Certified Registered Nurse Anesthetists, or CRNAs, are some of the most advanced and highest paid of all nurses. CRNAs administer anesthesia during surgery, when an anesthesiologist, a physician who specializes in the administration of anesthesia and pain management, isn’t available to do so. CRNAs actually predate anesthesiologists and are considered pioneers in the field of anesthesiology, having come into existence during the Civil War when anesthesia itself was new and just being utilized to ease pain for soldiers and surgical patients.
CRNAs often work as part of a team with anesthesiologists. With fewer anesthesiologists on staff these days, CRNAs enable more surgeries to be completed. Depending on state regulations and the bylaws of the employing facility, CRNAs may be supervised by an anesthesiologist or work independently. Although CRNAs are very well paid compared to other nurses, it’s still far more cost-effective for hospitals to employ them instead of multiple anesthesiologists. As a result, CRNAs enjoy excellent job stability and high demand for their services.
Most CRNAs are employed by hospital and work in a surgical environment, such as an operating room. CRNAs also may work in outpatient surgery centers and medical offices. CRNAs are responsible for administering over 65 percent of all anesthetics to patients in the U.S. There are over 30,000 CRNAs practicing in the U.S., and just over half of them are men.
CRNA Job Responsibilities
CRNAs function much like anesthesiologists. They’re responsible for pre- and post-operative care as it relates to the delivery of anesthesia. A CRNA does a pre-op assessment of patients, administers the anesthesia during the surgery, brings the patient back out of anesthesia, and then follows up to ensure the patient’s recovery from the anesthesia. During surgery, CRNAs monitor patients’ vital signs and adjust the level of anesthesia accordingly, while coordinating with the surgical team.
Training and Education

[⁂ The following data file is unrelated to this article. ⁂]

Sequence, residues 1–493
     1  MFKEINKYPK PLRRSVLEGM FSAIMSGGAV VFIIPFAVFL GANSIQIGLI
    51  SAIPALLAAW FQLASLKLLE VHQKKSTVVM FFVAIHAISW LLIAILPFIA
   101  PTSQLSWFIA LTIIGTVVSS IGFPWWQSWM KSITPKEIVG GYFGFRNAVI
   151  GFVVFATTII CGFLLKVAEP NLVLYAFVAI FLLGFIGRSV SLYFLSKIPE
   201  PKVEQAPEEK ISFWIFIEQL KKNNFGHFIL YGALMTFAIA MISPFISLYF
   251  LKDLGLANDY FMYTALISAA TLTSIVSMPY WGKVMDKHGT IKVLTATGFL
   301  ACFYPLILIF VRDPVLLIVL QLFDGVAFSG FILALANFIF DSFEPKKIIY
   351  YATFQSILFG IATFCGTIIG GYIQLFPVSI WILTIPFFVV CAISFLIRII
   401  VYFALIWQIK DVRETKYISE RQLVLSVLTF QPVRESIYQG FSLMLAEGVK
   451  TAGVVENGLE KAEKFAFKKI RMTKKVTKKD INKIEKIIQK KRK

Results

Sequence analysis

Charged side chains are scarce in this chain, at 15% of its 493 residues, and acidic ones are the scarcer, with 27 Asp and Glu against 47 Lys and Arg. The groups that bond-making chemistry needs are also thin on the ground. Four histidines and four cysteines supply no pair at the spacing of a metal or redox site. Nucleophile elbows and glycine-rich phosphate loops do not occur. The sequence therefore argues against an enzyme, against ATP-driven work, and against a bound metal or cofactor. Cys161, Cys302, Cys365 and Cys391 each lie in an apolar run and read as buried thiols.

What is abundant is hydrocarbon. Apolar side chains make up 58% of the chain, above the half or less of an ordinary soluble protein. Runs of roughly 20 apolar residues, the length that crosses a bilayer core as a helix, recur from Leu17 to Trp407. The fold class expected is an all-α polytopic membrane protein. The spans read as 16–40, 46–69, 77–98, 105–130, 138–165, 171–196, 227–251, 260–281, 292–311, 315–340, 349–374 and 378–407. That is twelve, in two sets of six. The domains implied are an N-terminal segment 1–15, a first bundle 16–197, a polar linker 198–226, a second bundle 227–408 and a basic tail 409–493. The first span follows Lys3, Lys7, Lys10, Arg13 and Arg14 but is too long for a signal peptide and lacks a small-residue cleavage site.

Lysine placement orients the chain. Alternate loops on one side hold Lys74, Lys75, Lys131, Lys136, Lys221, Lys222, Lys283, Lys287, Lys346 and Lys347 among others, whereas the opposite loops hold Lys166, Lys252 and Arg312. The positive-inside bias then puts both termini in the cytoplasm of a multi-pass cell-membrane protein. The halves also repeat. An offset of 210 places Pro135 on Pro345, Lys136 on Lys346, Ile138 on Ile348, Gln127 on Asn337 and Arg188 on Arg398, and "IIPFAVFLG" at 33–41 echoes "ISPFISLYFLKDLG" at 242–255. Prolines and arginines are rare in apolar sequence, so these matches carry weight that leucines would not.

CRNAs are one type of advanced practice registered nurses (APRN). To become a CRNA, you must:
- Have a bachelor’s degree in nursing or another applicable field.
- Be a licensed RN.
- Complete an accredited nurse anesthesia educational program. Depending on the intensity of the program, this can take two to four years. There are about 113 accredited nurse anesthesia programs in the U.S. Some programs require a minimum of one year of acute care experience, preferably in an intensive care unit or emergency room.
- Take and pass the national certification exam.
Compensation depends on the work setting and state where CRNAs are employed. In 2016, the average annual salary was $157,000. In Montana, the average salary was $242,140; in Arizona, it was $117,740.
The money is great and the job growth outlook is excellent. CRNAs can earn more than many primary care physicians, with a fraction of the education and training required. Employing CRNAs is very cost-effective for hospitals (anesthesiologists earn two to three times or more than CRNAs), and demand for CRNAs is expected to increase at a rate of 31 percent between 2016 and 2026.
CRNAs have a great deal of responsibility, so the job can be stressful. And depending on the size of the anesthesiology staff, the on-call schedule can affect your quality of life.